Ras el Hanout Meatballs

Initially, these Ras el Hanout Meatballs were headed for the Ebook. In the end, choosing which recipes to include came down to space. It seems a common problem when publishing a cookbook. Over catering? So here they are then. For meatball lovers, because there are many of us. Offer them with flatbreads  or heavily herbed bulgur wheat and something cool and crunchy, like say maybe, a cucumber chutney or radish pickle. I love the gingery warmth and gentle heat of this sauce. It’s spicy, but not overly so.

Ras el Hanout Meatballs

As with most recipes in my cookbooks and here on the blog, there’ll most likely be a wild card ingredient to keep things interesting. Here, I’ve added a satiny tahini sauce and fresh cucumber chutney. Both are completely unnecessary but so good. It shouldn’t be the decider as to whether or not you make the dish though. If you are keen on the cucumber accompaniment, here’s the recipe I use.

A quick word on Ras el Hanout : An exotic spice blend that typifies Moroccan cuisine. A secret concoction of spices made up with a ‘pinch off the top’ of the spice merchant’s best spices. More flavourful than hot. I’ve used the Ras el Hanout spice from the Ebook, but you can find this North African spice at most retailers too. I know Woolworths stocks it. Failing that, harissa paste will do just as well.

Ras el Hanout Spice

Homemade Ras el Hanout Spice (Recipe from the Beautiful Home Food)

Tahini Sauce

Satiny Tahini Sauce (Recipe from Beautiful Home Food)


Ras el Hanout Meatballs

Serves 4

For the meatballs

  • 500g lean beef mince
    ¾ cup fresh breadcrumbs
    1 egg
    10ml (2 teaspoons) Ras el Hanout
    a handful flat leaf parsley, roughly chopped
    2 spring onions, thinly sliced
    ¾ teaspoon fine salt
    freshly ground black pepper


  • 30ml (2 tablespoons) olive oil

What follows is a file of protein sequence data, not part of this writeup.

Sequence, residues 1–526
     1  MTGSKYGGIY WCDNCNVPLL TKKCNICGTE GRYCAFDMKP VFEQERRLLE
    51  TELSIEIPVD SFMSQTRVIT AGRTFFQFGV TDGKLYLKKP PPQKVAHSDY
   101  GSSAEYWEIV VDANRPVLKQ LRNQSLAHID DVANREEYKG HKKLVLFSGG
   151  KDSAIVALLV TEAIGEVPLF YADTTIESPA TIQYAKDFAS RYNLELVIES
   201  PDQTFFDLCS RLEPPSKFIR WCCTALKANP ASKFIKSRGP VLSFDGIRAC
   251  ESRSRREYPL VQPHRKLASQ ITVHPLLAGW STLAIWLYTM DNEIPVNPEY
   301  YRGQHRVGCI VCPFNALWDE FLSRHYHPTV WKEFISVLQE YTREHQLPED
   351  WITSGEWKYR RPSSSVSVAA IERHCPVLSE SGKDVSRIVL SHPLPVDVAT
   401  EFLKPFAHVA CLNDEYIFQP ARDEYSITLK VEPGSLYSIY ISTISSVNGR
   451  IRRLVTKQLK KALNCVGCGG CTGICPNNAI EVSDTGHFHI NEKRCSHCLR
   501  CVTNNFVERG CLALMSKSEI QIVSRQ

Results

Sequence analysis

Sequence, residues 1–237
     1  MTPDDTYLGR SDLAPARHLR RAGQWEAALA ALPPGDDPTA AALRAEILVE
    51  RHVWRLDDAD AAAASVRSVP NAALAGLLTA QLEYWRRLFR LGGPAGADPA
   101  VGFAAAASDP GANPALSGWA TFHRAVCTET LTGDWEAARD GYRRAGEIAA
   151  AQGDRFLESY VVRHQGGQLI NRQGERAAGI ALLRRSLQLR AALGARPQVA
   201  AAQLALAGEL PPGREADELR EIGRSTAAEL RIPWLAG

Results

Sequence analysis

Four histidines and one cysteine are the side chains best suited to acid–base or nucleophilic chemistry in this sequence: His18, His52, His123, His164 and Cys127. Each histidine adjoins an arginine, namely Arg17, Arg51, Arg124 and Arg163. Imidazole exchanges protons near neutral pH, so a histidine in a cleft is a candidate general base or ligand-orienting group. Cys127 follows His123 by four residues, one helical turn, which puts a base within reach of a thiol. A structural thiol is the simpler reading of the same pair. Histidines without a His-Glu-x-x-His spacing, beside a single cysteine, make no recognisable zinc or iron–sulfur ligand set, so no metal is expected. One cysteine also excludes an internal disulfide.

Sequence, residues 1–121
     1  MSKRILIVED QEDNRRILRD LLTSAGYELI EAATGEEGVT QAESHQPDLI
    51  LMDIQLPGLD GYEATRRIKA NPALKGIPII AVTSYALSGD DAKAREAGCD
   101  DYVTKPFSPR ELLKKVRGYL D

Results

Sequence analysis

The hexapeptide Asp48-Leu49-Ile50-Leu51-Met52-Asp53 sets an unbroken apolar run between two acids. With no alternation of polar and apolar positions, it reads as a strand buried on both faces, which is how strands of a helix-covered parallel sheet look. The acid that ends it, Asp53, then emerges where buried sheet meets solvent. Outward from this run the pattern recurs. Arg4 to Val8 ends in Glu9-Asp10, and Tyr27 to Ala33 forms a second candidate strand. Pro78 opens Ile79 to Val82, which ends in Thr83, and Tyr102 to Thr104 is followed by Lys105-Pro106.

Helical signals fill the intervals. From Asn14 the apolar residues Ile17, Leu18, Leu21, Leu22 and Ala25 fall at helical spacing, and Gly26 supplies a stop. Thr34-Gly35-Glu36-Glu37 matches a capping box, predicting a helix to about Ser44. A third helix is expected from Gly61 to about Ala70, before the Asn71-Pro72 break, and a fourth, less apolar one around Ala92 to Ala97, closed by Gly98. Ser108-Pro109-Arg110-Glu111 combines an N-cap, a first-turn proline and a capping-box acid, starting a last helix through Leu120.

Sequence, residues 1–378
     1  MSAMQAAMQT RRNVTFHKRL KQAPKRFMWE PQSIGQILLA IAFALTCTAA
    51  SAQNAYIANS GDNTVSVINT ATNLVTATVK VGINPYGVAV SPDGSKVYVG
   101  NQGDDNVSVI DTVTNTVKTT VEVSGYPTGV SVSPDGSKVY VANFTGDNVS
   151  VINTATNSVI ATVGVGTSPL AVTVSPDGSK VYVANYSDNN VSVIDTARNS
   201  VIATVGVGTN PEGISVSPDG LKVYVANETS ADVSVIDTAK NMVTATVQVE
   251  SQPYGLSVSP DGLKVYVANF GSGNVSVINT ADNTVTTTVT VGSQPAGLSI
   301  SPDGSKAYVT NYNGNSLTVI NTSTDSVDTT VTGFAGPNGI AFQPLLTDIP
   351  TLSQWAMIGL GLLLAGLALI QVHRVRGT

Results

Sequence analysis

1 onion, finely diced
    1 garlic clove, minced
    a thumb-sized knob of ginger, grated
    10ml (2 teaspoons) Ras el Hanout spice rub
    5ml (1 teaspoon) ground coriander
    5ml (1 teaspoon) cumin seeds
    5ml (1 teaspoon) smoked paprika
    zest of 1 lemon
    30ml (2 tablespoons) tomato paste
    2 x 400g tinned chopped tomatoes
    5ml (1 teaspoon) brown sugar
    2 tablespoons currants
    250ml (1 cup) chicken stock
    400g tin chickpeas, rinsed and drained
  1. Place all the ingredients for the meatballs in a large bowl and mix together by hand. Roll into 22 evenly sized balls. Chill for 30 minutes to firm up. Heat 1 tablespoon olive oil in 30cm Le Creuset Buffet Casserole. Over a medium high heat, brown the meatballs on all sides. Remove from the casserole and set aside.
  2. Lower the heat to medium, adding another tablespoon of olive oil along with the onions. Sauté until soft, about 8 minutes. Stir in the garlic and ginger and cook for another minute. Add all the aromatics and lemon zest. Dry fry the spices until fragrant, a minute is ample. Stir in the tomato paste, chopped tomatoes, sugar, currants and stock. Season lightly with salt and black pepper. Return the meatballs to the pan and simmer until the sauce is reduced and the meat cooked through, about 25-30 minutes. Add the chickpeas and heat through.


The Beautiful Home Food Ebook


Top 3 Meatball favourites on the blog:

Creamy Swedish meatballs with mushrooms

Ottolenghi’s Ricotta and oregano meatballs

Spanish meatballs



2 Comments. Leave new

  • Teresa Biskupek
    29 August 2020 5:17 am

    made these for dinner but used lamb instead of beef. They were excellent. also made flatbread to mop up the juices. Leftovers tonight with some couscous. they will go into my rotation list and I plan to make them for friends, when they can visit again.

  • Sounds like a Middle Eastern feast Teresa. Flatbread is definitely the answer when faced with this delicious sauce. I hope your friends love them too!

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